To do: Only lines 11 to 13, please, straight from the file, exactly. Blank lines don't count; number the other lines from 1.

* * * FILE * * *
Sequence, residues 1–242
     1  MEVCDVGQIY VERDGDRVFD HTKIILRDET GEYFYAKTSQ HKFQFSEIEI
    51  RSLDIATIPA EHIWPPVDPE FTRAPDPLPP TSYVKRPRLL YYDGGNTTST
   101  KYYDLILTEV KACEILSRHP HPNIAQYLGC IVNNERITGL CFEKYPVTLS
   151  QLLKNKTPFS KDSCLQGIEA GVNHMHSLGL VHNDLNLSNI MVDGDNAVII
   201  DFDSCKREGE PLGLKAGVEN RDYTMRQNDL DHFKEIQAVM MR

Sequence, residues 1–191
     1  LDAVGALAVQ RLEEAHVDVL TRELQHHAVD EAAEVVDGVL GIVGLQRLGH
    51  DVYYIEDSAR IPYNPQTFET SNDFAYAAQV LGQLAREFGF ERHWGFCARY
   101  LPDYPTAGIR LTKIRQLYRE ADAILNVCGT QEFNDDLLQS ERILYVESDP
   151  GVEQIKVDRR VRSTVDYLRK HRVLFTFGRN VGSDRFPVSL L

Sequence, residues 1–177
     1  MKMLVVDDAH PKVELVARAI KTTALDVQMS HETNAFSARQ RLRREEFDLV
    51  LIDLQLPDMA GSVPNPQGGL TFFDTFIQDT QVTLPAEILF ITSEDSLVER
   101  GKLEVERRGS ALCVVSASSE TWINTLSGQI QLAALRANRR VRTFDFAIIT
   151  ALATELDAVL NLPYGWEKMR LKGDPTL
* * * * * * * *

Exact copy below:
   151  GVEQIKVDRR VRSTVDYLRK HRVLFTFGRN VGSDRFPVSL L

Sequence, residues 1–177
     1  MKMLVVDDAH PKVELVARAI KTTALDVQMS HETNAFSARQ RLRREEFDLV